Author(s): Montecucco F, Vuilleumier N, Pagano S, Lenglet S, Bertolotto M,
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Abstract AIMS: Anti-Apolipoprotein A-1 auto-antibodies (anti-ApoA-1 IgG) represent an emerging prognostic cardiovascular marker in patients with myocardial infarction or autoimmune diseases associated with high cardiovascular risk. The potential relationship between anti-ApoA-1 IgG and plaque vulnerability remains elusive. Thus, we aimed to investigate the role of anti-ApoA-1 IgG in plaque vulnerability. METHODS AND RESULTS: Potential relationship between anti-ApoA-1 IgG and features of cardiovascular vulnerability was explored both in vivo and in vitro. In vivo, we investigated anti-ApoA-1 IgG in patients with severe carotid stenosis (n = 102) and in ApoE-/- mice infused with polyclonal anti-ApoA-1 IgG. In vitro, anti-ApoA-1 IgG effects were assessed on human primary macrophages, monocytes, and neutrophils. Intraplaque collagen was decreased, while neutrophil and matrix metalloprotease (MMP)-9 content were increased in anti-ApoA-1 IgG-positive patients and anti-ApoA-1 IgG-treated mice when compared with corresponding controls. In mouse aortic roots (but not in abdominal aortas), treatment with anti-ApoA-1 IgG was associated with increased lesion size when compared with controls. In humans, serum anti-ApoA-1 IgG levels positively correlated with intraplaque macrophage, neutrophil, and MMP-9 content, and inversely with collagen. In vitro, anti-ApoA-1 IgG increased macrophage release of CCL2, CXCL8, and MMP-9, as well as neutrophil migration towards TNF-α or CXCL8. CONCLUSION: These results suggest that anti-ApoA-1 IgG might be associated with increased atherosclerotic plaque vulnerability in humans and mice.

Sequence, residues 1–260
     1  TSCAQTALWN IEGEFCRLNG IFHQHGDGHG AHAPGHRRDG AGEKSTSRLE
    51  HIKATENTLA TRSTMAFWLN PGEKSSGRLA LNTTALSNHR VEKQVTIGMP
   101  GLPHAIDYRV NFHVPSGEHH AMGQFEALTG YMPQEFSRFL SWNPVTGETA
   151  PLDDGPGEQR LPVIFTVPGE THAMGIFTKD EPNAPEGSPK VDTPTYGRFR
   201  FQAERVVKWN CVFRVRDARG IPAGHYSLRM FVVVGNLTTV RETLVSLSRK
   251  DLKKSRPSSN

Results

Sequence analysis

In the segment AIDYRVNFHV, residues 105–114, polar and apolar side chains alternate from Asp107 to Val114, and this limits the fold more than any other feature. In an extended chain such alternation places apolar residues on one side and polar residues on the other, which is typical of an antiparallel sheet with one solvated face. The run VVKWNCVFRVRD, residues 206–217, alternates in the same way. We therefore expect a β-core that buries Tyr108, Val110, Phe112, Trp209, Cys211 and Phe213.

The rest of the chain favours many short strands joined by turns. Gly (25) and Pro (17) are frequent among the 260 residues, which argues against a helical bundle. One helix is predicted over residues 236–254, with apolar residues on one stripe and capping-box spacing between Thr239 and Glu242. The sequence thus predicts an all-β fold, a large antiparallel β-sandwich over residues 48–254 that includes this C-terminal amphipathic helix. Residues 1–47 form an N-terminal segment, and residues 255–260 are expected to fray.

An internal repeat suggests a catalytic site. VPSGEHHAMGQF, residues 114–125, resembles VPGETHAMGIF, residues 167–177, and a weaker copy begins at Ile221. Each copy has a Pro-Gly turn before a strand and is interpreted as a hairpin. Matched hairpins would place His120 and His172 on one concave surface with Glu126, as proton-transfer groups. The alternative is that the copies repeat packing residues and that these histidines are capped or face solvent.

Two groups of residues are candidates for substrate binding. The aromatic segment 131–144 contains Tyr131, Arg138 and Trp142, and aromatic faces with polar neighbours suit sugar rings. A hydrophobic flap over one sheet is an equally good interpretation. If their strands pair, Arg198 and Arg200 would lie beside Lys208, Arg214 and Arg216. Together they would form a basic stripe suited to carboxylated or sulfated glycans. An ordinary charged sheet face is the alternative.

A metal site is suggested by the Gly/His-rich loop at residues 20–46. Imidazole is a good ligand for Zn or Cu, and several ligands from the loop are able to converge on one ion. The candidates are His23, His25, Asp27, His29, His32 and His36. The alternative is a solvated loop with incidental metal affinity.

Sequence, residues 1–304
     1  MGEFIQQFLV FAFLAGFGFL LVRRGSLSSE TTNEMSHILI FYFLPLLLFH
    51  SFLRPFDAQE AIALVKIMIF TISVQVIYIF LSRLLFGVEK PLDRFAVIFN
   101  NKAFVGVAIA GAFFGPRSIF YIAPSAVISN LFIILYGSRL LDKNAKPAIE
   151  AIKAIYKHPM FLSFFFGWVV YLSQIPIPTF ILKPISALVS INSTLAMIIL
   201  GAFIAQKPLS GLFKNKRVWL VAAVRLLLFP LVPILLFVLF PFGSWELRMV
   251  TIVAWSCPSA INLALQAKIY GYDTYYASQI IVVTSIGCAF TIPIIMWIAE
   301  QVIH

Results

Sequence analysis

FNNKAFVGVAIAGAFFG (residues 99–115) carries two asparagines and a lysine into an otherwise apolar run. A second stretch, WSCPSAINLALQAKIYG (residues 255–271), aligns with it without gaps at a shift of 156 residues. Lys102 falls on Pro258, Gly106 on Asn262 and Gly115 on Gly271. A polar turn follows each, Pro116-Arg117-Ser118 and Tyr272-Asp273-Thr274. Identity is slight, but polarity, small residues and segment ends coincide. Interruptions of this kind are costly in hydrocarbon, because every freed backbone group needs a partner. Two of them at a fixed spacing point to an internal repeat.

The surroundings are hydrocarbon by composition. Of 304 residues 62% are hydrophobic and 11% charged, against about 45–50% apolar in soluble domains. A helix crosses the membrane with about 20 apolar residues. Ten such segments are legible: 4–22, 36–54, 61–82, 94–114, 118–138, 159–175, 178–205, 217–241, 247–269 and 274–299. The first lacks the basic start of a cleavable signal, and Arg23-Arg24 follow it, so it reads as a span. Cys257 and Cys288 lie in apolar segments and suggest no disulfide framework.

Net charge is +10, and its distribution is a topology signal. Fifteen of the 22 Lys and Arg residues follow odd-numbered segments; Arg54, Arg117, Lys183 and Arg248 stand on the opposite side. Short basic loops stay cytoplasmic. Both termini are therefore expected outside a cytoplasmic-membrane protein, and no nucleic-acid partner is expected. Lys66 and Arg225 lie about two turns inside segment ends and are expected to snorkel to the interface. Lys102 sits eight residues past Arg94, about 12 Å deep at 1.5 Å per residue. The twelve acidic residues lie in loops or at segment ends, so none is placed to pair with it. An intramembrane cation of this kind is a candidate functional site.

This article was published in Eur Heart J
and referenced in Journal of Molecular Biomarkers & Diagnosis